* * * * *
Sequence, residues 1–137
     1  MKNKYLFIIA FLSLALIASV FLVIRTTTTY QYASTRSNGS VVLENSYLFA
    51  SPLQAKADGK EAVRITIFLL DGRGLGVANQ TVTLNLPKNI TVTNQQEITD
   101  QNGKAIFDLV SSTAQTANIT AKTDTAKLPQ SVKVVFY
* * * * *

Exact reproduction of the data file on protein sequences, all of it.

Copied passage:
Sequence, residues 1–137
     1  MKNKYLFIIA FLSLALIASV FLVIRTTTTY QYASTRSNGS VVLENSYLFA
    51  SPLQAKADGK EAVRITIFLL DGRGLGVANQ TVTLNLPKNI TVTNQQEITD
   101  QNGKAIFDLV SSTAQTANIT AKTDTAKLPQ SVKVVFY